May 16, 201209:14 AMCup of Joe
Your weekly dose of strange parenting news, trends, and polls
Help, I’ve fallen asleep and I can’t get up
Some people can sleep through anything. I’m one of those people. I once slept through a swarm of blaring sirens when my neighbor’s house caught fire next door. My sleep-through-anything nature is not without its quirks, however.
Sleep paralysis is a far more common experience than most people realize. According to a recent study conducted at the University of Waterloo, about 25 percent of the population has experienced sleep paralysis at least once in their lifetime and the condition can affect children as well as adults. The condition is harmless, but can be quite frightening.
If you’ve never experienced sleep paralysis, it’s very strange to say the least—and is entirely like it sounds: you lose the ability to move while starting to fall asleep or when just waking up. The whole experience is caused by the brain not fully exiting the REM sleep cycle which inhibits your movement to protect yourself during sleep.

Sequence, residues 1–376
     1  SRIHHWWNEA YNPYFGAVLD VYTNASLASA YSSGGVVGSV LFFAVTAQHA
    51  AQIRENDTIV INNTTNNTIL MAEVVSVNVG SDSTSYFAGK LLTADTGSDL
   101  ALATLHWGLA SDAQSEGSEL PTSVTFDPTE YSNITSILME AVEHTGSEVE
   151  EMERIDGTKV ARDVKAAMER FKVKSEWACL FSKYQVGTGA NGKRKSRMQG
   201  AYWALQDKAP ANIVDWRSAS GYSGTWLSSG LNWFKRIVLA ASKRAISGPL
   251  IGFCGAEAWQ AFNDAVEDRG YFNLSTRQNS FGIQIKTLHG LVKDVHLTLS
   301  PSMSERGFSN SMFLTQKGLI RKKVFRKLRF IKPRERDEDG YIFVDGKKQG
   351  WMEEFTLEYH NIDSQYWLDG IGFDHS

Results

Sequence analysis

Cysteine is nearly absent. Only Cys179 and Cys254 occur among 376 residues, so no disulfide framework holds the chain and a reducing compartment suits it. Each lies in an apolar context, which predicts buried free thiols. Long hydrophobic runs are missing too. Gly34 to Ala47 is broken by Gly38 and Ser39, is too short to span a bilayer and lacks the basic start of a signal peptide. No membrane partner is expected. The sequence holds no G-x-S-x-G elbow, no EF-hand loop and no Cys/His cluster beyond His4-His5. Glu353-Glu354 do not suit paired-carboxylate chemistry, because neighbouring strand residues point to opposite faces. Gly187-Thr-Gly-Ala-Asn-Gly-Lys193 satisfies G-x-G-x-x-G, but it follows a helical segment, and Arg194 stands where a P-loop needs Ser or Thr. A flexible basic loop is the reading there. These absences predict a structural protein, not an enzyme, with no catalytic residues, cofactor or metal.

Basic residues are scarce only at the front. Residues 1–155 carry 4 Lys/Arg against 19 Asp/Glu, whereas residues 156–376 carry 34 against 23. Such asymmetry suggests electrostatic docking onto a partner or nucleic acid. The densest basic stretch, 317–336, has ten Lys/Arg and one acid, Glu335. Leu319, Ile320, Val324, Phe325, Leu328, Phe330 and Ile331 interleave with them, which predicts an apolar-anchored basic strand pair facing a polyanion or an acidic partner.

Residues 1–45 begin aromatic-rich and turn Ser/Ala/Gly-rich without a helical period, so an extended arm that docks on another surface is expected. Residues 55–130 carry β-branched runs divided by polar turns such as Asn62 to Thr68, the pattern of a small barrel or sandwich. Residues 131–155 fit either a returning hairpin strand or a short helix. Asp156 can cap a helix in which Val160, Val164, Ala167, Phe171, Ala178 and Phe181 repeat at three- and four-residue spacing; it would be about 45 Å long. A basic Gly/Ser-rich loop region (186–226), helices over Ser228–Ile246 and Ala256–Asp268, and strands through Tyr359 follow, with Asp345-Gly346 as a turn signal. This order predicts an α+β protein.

During my first sleep paralysis experience as a teenager, I was a little unsettled. It began when I heard a strange ringing sound as I was falling asleep, another common trait of sleep paralysis, and suddenly I couldn’t move. An assortment of implausible reasons for my predicament passed through my head. Was I drugged? Had I been bitten by one of those super-poisonous house spiders? But after a few minutes, my movement returned. I was thoroughly freaked. I switched on my light and immediately turned to Google to figure out what the heck was wrong with me.
While I didn’t start experiencing sleep paralysis until I was about 16, the condition can affect younger children as well. It can be quite frightening for a child and even more difficult for them to explain. Follow these tips to help your child cope with sleep paralysis and prevent if from occurring:
- Have your child lay on his/her stomach or side when he/she goes to sleep.
- Set a regular bedtime and stick to it. Irregular sleep patterns are a common cause of sleep paralysis.
- Don’t allow your child to stay up past 11 p.m. Recent studies show that the likelihood of sleep paralysis increases late at night.
- If your child has experienced sleep paralysis in the past, reassure him/her that the experience is harmless, and to not be afraid.
Have you experienced any odd sleeping conditions? Share them in our comments section below.